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Improvements from the 1995 recommendation


The American College of Sports Medicine (ACSM) and the American Heart Association (AHA) released updated physical activity guidelines in 2007. These guidelines outline exercise recommendations for healthy adults and older adults and are an update from the 1995 guidelines. Choose your category below, and find recommendations, research and tips from ACSM and AHA. Together, we are proud to serve as a public resource to help people live healthier, more active lives.

Although the 2007 recommendations are similar to the 1995 recommendations at the core, eight improvements have been made:

  • Moderate-intensity physical activity has been clarified. The 1995 document simply specified “most, preferably all days per week” as the recommended frequency while the new recommendation identifies five days per week as the recommended minimum.
  • Vigorous-intensity physical activity has been explicitly incorporated into the recommendation. To acknowledge both the preferences of some adults for vigorous-intensity physical activity and the substantial science base related to participation in such activity, the recommendation has been clarified to encourage participation in either moderate- and/or vigorous-intensity physical activity.  Vigorous-intensity physical activity was implicit in the 1995 recommendation.  It is now explicitly an integral part of the physical activity recommendation.
  • Specified: Moderate- and vigorous-intensity activities are complementary in the production of health benefits and that a variety of activities can be combined to meet the recommendation. This combining of activities is based on the amount (intensity x duration) of activity performed during the week and uses the concept of METs (metabolic equivalents) to assign an intensity value to a specific activity.
  • Specified: Aerobic activity needed is in addition to routine activities of daily life. The updated recommendation now clearly states that the recommended amount of aerobic activity (whether of moderate- or vigorous-intensity) is in addition to routine activities of daily living which are of light intensity, such as self care, casual walking or grocery shopping, or less than 10 minutes of duration such as walking to the parking lot or taking out the trash.  Few activities in contemporary life are conducted routinely at a moderate intensity for at least 10 minutes in duration.  However, moderate- or vigorous-intensity activities performed as a part of daily life (e.g., brisk walking to work, gardening with shovel, carpentry) performed in bouts of 10 minutes or more can be counted towards the recommendation. Although implied, this concept was not effectively communicated in the original recommendation.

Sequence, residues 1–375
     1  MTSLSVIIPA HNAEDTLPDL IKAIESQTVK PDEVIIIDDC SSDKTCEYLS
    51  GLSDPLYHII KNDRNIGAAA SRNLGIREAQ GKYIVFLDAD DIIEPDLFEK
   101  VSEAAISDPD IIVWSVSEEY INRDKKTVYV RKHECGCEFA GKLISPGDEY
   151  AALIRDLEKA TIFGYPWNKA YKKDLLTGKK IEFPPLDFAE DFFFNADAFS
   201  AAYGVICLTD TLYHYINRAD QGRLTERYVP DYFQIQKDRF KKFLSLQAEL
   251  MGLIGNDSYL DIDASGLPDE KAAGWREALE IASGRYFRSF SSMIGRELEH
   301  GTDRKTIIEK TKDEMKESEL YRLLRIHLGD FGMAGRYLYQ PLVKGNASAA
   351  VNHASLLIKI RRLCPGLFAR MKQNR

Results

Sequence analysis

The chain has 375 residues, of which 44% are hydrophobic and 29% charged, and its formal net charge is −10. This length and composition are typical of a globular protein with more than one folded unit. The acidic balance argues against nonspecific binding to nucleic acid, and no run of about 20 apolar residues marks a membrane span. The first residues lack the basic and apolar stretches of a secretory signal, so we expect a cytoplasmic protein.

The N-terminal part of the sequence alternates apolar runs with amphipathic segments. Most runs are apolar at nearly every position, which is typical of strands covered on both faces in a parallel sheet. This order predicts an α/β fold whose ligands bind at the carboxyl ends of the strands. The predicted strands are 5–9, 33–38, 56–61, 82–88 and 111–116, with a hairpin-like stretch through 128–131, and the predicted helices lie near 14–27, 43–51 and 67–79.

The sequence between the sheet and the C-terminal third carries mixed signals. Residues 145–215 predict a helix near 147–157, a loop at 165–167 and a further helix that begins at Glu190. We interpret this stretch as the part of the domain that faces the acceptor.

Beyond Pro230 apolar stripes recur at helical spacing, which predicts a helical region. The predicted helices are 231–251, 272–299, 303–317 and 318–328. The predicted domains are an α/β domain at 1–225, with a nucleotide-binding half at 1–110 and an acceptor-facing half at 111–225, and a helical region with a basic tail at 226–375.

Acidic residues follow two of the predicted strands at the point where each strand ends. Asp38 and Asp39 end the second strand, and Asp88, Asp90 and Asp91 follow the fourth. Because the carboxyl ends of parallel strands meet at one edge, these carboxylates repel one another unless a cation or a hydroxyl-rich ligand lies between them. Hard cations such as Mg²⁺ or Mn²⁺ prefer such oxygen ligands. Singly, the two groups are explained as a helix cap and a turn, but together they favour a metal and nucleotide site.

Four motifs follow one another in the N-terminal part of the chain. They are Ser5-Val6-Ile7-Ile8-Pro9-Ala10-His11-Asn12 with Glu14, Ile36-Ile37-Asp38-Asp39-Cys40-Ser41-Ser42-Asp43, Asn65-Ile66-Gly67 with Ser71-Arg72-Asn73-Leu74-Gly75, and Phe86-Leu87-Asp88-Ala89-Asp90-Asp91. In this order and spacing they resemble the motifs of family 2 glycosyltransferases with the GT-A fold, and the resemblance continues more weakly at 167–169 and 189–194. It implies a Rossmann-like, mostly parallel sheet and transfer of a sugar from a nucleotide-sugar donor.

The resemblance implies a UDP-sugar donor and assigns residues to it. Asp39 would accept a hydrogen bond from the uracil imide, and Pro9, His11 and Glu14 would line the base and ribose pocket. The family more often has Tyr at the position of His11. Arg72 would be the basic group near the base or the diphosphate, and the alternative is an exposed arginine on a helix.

• “More is better.” The new recommendation emphasizes the important fact that physical activity above the recommended minimum amount provides even greater health benefits. The point of maximum benefit for most health benefits has not been established but likely varies with genetic endowment, age, sex, health status, body composition and other factors.  Exceeding the minimum recommendation further reduces the risk of inactivity-related chronic disease.  Although the dose-response relation was acknowledged in the 1995 recommendation, this fact is now explicit.
  • Short bouts of exercise. Although the original recommendation introduced the concept of accumulating short bouts of physical activity toward the 30-minute goal, there was confusion regarding how short these episodes could be.  For consistency and clarity, the minimum length of these short bouts is clarified as being 10 minutes.
  • Muscle-strengthening recommendation now included. Muscle-strengthening activities have now been incorporated into the physical activity recommendation.  Although the 1995 recommendation mentioned the importance of muscular strength and endurance, it stopped short of making specific declarations in this area.  Available evidence now allows the integration of muscle strengthening activities into the core recommendation.
  • Clarification in wording. Minor wording changes in the recommendation have been made to enhance clarity in communications.  For example, the term “aerobic,” or endurance, has been added to clarify the type of physical activity being recommended and to differentiate it from muscle-strengthening exercises, which are now part of the core recommendation.

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